Reliance on used vehicles importation hinders African market
•As Nigeria’s automotive policy suffers setback
Reliance on used vehicles is hindering growth of Africa’s automobile market. This is projected to escalate for sub-Saharan Africa (SSA) in the next 15 years, implying that Africa’s demand for vehicles will likely continue to be met by other continents in the foreseeable future.
This was contained in a White Paper, by World Economic Forum (WEF), in collaboration with Deloitte, titled: “Connecting countries and cities for regional value chain Integration,” released on Tuesday.
Trade in used vehicles has variable effects on producers of new vehicles. In low-income countries (LIC), used-car imports often lead to depressed sales and lower prices for new vehicles, while in high-income countries (HIC) the effects may be trivial.
In 2016, well over 96 per cent of vehicles imported into Kenya were second-hand, while 80 per cent of all sales in both Ethiopia and Nigeria were used vehicle imports. In addition, three-quarters of vehicles in SSA are second-hand vehicles, with the region importing more pre-owned vehicles (764,880 units) than new (734,084 units) in 2017.
Meanwhile, Nigeria’s National Automotive Industry Development Plan (NAIDP), currently undergoing review by the present administration has received no attention in the last two years.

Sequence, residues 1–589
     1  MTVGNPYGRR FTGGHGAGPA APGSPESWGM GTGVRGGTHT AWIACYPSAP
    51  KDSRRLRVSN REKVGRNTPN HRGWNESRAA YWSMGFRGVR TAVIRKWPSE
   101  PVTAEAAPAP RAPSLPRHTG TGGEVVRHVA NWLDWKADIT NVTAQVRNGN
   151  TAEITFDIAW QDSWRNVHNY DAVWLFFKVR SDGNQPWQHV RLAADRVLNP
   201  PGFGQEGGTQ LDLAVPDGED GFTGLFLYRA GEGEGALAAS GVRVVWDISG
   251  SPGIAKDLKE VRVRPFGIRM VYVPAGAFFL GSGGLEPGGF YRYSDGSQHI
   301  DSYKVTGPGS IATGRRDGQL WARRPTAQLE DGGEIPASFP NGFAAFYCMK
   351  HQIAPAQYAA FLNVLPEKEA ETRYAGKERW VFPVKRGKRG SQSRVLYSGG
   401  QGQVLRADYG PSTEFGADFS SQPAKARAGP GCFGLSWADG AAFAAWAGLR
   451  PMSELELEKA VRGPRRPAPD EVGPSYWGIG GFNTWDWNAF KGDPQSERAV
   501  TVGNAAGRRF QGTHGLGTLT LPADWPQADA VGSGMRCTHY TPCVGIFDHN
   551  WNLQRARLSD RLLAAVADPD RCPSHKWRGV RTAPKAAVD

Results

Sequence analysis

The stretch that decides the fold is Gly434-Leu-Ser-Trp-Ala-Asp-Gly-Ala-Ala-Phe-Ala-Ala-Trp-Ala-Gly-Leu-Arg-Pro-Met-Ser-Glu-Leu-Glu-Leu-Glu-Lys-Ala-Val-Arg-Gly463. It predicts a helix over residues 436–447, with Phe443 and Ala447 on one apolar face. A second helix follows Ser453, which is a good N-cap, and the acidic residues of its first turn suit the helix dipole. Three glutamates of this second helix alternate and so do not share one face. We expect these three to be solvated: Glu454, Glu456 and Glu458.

The NAIDP Bill, popularly known as Auto Policy, is central to the development of the automotive industry, which is said to be currently underperforming.
The NAIDP represents the Federal Government’s boldest step at reviving local car assembly in over three decades. The policy, which was introduced in 2014, seeks to encourage local manufacture of vehicles while phasing out the importation of used vehicles. Other motives of the policy include job creation, stimulation of the value chain, diversification of the economy, provision of affordable vehicles for the average Nigerian, as well as boosting foreign direct investment into the country.
Concerned about poor implementation of some of the policies, particularly the NAIDP, stakeholders expressed the belief that Federal Government’s inaction towards the automotive policy is inhibiting the potentials of the sector.